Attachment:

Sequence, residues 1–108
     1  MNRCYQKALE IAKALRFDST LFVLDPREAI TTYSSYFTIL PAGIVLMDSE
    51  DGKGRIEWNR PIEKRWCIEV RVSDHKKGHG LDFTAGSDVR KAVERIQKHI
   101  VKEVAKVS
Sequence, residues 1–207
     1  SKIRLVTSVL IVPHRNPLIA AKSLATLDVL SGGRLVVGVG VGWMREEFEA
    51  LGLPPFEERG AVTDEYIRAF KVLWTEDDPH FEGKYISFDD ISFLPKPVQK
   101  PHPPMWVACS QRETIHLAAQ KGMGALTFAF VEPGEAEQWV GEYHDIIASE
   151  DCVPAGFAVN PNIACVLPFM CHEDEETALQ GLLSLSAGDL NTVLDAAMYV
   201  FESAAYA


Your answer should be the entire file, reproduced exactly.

Sequence, residues 1–108
     1  MNRCYQKALE IAKALRFDST LFVLDPREAI TTYSSYFTIL PAGIVLMDSE
    51  DGKGRIEWNR PIEKRWCIEV RVSDHKKGHG LDFTAGSDVR KAVERIQKHI
   101  VKEVAKVS
Sequence, residues 1–207
     1  SKIRLVTSVL IVPHRNPLIA AKSLATLDVL SGGRLVVGVG VGWMREEFEA
    51  LGLPPFEERG AVTDEYIRAF KVLWTEDDPH FEGKYISFDD ISFLPKPVQK
   101  PHPPMWVACS QRETIHLAAQ KGMGALTFAF VEPGEAEQWV GEYHDIIASE
   151  DCVPAGFAVN PNIACVLPFM CHEDEETALQ GLLSLSAGDL NTVLDAAMYV
   201  FESAAYA